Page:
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Bringing over the last topic on the discussion of the impaled dreamers and what various posters understand that to mean.

 

I think it's implied that Bloodraven and the Children are hoping Bran can do what hundreds before him have failed to do, and that is to find a final solution to destroy the Others. It is also implied that the means used has something to do with flying.

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Halloo!  Didn't make it in time to respond to the last Heresy discussion of second-lifers, as I like to call them. Coldhands is hard to place with all the known variables: wights, Others, skinchangers, whatever Mel is. 

The prominent physical feature of Coldhands is his non-blue eyes. They are black. (Thanks to FFR for reminding me and for the suggestion of Dornish black eyes) So where do these black eyes come from? Dornish eyes is a good possibility if the eyes are their true color, but i think they are Raven's eyes. Coldhands has crow/raven written all over him; the raven's eyes...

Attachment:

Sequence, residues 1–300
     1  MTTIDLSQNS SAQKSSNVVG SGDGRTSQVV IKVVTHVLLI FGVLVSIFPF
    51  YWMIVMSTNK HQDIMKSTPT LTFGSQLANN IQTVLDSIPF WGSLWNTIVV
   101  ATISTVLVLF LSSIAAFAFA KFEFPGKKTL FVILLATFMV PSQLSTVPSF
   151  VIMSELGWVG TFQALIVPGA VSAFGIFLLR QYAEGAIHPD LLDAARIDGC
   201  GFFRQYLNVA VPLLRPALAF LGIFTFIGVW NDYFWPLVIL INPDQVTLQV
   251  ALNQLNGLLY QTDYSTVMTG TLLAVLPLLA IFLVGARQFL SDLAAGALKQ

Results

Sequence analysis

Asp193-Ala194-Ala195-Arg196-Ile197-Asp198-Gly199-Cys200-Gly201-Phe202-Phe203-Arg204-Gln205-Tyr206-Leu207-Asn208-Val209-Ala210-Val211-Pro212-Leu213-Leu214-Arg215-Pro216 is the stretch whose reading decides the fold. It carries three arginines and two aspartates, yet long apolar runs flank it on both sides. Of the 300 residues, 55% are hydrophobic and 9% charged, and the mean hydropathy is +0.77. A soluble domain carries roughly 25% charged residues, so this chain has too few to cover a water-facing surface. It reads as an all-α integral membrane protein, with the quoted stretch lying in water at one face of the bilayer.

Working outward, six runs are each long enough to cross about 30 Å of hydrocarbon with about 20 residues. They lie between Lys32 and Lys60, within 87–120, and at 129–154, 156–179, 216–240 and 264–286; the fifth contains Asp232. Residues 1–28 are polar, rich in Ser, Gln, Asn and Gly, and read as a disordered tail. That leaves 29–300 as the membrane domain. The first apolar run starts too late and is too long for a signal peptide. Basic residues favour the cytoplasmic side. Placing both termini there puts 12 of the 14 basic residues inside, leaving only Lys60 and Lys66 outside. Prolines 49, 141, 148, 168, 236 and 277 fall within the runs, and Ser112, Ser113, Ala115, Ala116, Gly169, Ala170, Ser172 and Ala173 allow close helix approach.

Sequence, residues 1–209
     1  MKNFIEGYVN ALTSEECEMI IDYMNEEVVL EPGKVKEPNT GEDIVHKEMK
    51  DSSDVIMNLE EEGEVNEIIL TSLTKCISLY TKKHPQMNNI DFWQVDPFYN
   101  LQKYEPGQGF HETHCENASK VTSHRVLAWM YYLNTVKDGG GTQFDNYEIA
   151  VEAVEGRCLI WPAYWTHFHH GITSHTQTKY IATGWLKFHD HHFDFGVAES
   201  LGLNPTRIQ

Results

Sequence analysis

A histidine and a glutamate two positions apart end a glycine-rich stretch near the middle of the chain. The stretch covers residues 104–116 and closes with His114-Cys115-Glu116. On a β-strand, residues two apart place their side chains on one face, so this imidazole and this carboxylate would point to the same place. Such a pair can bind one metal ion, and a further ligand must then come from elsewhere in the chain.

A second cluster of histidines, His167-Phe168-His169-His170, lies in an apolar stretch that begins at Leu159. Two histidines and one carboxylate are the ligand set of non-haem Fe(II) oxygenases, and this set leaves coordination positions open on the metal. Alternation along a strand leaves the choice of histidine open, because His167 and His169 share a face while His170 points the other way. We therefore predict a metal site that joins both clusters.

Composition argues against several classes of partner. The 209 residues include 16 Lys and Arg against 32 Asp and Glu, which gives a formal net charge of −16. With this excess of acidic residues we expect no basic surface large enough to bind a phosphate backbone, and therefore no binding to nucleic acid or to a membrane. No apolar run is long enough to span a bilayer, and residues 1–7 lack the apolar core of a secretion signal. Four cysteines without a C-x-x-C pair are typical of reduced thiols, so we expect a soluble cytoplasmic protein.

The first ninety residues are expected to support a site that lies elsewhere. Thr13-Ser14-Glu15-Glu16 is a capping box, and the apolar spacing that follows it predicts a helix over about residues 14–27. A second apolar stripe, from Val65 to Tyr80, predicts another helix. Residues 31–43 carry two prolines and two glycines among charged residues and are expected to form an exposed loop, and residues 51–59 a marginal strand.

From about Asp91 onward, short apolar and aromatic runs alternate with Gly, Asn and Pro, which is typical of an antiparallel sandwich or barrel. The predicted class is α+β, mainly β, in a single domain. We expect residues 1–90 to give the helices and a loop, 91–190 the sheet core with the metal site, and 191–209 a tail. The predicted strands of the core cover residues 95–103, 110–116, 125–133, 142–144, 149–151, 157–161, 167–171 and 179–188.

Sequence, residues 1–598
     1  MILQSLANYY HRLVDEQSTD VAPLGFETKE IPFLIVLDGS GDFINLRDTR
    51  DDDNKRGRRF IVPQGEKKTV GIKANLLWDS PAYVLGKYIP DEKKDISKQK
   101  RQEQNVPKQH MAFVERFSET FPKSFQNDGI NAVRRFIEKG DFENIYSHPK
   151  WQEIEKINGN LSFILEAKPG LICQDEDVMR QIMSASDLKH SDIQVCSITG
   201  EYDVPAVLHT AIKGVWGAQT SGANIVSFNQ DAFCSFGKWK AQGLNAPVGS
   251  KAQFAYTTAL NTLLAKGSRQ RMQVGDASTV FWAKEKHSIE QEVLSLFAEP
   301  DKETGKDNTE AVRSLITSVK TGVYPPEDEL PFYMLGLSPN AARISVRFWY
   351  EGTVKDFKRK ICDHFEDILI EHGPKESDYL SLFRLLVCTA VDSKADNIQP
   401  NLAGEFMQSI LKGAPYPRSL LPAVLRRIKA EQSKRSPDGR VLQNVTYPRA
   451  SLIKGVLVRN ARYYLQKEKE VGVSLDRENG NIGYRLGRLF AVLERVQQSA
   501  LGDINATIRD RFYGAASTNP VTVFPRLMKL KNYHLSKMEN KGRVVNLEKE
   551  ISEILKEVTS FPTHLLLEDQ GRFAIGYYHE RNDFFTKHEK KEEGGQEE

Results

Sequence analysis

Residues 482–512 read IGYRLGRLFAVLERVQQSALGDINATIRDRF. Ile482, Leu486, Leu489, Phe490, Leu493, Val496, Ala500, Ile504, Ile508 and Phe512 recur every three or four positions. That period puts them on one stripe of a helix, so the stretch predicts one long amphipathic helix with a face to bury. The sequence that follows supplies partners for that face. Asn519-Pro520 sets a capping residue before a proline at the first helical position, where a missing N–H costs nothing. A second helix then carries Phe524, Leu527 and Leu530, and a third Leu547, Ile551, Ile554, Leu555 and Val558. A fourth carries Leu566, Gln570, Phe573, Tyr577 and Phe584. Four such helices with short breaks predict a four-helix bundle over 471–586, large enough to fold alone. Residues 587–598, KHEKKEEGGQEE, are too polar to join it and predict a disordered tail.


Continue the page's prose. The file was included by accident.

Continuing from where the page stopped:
Coldhands stood beside the door, a raven on his arm, both staring at the fire. Reflections from the flames glittered off four black eyes. He does not eat, Bran remembered, and he fears the flames.

... speaks with ravens, has lots of raven friends, ahem, 'flies' to the Wall then back to his cave like good messenger ravens do. 

The children of the forest, Old Nan would have called the singers, but those who sing the song of earth was their own name for themselves, in the True Tongue that no human man could speak . The ravens could speak it, though. Their small black eyes were full of secrets, and they would caw at him and peck his skin when they heard the songs.

Do all the birds have singers in them?”

“All,”Lord Brynden said. “It was the singers who taught the First Men to send messages by raven …but in those days, the birds would speak the words.

Its tough to put a finger on Coldhands. He seems to be some blend of human, skinchanger, singer, and crow. A monster. :D